Some families in the Houston area being asked to pay rent, with late fees, after Hurricane Harvey caused catastrophic flooding to hit southeast Texas and drove them from their homes, The Guardian reported.
“Our landlords say we have to pay rent and late fees and every day it is going up,” Rocio Fuentes, of Pasadena, Texas, told the newspaper. “We are paying rent for somewhere we can’t live in. They said, ‘You aren’t the only ones in this situation,’ but what are we supposed to do? We don’t have any money. We don’t have anything.”
A spokeswoman for Houston city government said officials were aware of such situations, but that state law would have to resolve them.
Under Texas statutes, either a tenant or a landlord can break a lease for residences deemed “totally unusable.” If a property is partially useable, a court would have to determine if rental costs could be reduced.
Meanwhile, hundreds of residents who were forced to evacuate a flooded apartment complex in Katy, Texas, have been given eviction notices, The Houston Chronicle reported.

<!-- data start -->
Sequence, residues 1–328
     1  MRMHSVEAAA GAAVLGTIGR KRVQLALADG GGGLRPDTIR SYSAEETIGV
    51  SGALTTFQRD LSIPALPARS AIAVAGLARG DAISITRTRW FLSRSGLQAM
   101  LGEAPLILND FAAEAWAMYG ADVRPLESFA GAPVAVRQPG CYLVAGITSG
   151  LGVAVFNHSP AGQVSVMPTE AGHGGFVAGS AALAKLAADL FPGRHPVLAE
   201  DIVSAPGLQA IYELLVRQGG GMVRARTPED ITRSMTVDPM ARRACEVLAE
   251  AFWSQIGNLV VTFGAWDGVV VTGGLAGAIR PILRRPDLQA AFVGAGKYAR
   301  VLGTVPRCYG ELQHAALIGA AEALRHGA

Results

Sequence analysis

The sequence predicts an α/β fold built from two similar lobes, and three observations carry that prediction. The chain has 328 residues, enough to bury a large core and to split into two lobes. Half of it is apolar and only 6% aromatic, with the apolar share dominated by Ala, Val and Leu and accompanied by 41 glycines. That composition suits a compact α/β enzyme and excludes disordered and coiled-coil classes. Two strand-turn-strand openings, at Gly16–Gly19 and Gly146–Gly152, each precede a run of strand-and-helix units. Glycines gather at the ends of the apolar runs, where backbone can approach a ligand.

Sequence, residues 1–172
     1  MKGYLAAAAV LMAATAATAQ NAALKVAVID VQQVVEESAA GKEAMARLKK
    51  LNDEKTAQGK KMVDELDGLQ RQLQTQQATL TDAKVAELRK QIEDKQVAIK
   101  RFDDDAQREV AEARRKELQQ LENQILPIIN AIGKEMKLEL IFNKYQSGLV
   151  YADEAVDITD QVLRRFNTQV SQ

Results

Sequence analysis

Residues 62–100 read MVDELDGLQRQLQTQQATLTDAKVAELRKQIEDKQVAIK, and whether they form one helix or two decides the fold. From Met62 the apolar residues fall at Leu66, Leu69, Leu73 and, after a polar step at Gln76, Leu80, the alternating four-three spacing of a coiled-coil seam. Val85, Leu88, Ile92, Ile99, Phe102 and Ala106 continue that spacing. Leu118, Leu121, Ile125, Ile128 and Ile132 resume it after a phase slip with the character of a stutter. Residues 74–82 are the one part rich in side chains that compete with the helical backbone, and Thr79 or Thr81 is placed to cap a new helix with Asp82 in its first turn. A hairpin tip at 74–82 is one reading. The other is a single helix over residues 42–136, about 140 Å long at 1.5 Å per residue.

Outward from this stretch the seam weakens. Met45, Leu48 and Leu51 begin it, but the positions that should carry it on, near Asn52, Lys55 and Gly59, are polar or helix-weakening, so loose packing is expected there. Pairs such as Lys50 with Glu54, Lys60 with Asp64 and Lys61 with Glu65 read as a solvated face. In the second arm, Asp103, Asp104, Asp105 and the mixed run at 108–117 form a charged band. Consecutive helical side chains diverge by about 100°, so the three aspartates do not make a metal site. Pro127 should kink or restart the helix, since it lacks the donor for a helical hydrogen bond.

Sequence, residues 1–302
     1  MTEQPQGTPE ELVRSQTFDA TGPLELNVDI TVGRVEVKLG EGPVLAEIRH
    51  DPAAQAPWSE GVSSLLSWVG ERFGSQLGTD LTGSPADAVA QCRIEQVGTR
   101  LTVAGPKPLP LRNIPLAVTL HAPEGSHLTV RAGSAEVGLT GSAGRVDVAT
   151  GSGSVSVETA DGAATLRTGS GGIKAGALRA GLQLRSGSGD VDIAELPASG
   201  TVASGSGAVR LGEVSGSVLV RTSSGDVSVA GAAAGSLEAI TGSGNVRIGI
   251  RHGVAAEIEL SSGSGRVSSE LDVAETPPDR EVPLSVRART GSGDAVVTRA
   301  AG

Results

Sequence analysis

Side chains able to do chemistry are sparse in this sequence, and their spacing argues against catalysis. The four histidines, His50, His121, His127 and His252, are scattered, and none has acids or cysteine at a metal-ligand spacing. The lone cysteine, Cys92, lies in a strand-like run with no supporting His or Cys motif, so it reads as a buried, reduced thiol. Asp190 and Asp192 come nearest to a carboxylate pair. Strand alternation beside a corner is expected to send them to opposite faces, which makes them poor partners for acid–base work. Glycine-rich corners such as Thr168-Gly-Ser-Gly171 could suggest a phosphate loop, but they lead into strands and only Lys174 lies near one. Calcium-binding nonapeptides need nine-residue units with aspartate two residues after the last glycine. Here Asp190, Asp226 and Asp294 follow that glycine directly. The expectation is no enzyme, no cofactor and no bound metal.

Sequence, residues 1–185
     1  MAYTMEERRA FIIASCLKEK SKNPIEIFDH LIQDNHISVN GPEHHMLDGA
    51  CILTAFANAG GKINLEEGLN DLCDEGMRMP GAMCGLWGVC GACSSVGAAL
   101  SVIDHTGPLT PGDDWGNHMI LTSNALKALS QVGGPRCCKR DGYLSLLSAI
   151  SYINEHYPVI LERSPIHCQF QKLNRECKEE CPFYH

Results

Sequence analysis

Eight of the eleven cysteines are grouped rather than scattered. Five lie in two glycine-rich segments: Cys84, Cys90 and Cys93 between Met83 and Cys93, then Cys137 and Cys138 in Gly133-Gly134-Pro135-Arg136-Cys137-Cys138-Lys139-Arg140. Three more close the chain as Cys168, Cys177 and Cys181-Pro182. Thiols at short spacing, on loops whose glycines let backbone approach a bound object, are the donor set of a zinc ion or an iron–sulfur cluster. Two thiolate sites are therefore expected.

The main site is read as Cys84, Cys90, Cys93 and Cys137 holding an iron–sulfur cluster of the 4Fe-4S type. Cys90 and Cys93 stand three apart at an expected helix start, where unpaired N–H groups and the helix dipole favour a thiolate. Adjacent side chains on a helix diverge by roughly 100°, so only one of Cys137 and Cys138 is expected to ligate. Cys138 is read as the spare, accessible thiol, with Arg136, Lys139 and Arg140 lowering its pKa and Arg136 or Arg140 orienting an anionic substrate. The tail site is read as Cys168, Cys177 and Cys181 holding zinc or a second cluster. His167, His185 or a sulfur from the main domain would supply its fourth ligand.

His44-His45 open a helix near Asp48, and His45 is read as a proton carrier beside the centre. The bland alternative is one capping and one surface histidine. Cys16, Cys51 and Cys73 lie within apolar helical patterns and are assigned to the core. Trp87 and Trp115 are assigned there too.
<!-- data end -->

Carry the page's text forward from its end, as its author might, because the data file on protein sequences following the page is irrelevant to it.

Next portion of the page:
The residents have been given less than a week to retrieve whatever property they can, a letter from the property manager said. The letter also said rental charges for the last few days of August will be refunded, according to the Chronicle.
Disputes between landlord and tenants are among the first conflicts to emerge in the wake of a hurricane, lawyer Saundra Brown, a disaster manager at Lone Star Legal Aid, told the newspaper.
“Right now there are going to be many landlord-tenant issues: people who don’t think they should give back the security deposit for flooded properties,” she said. “There will be people who will try to kick out their tenants because their brother-in-law needs some place to stay. There’s going to be a severe shortage of rental space in the community.”
The Federal Emergency Management Agency expects nearly one million applications for aid stemming from Hurricane Harvey, according to The Dallas Morning News.
FEMA has used vacant hotel rooms to help house 53,630 Texas residents with no place to go, CBS News reported Monday.
Bob Howard, a FEMA spokesman, said the agency is weighing the use of mobile homes as temporary residences for others. Also, displaced residents able to find an apartment on their own can receive two months of paid rent through FEMA and might qualify.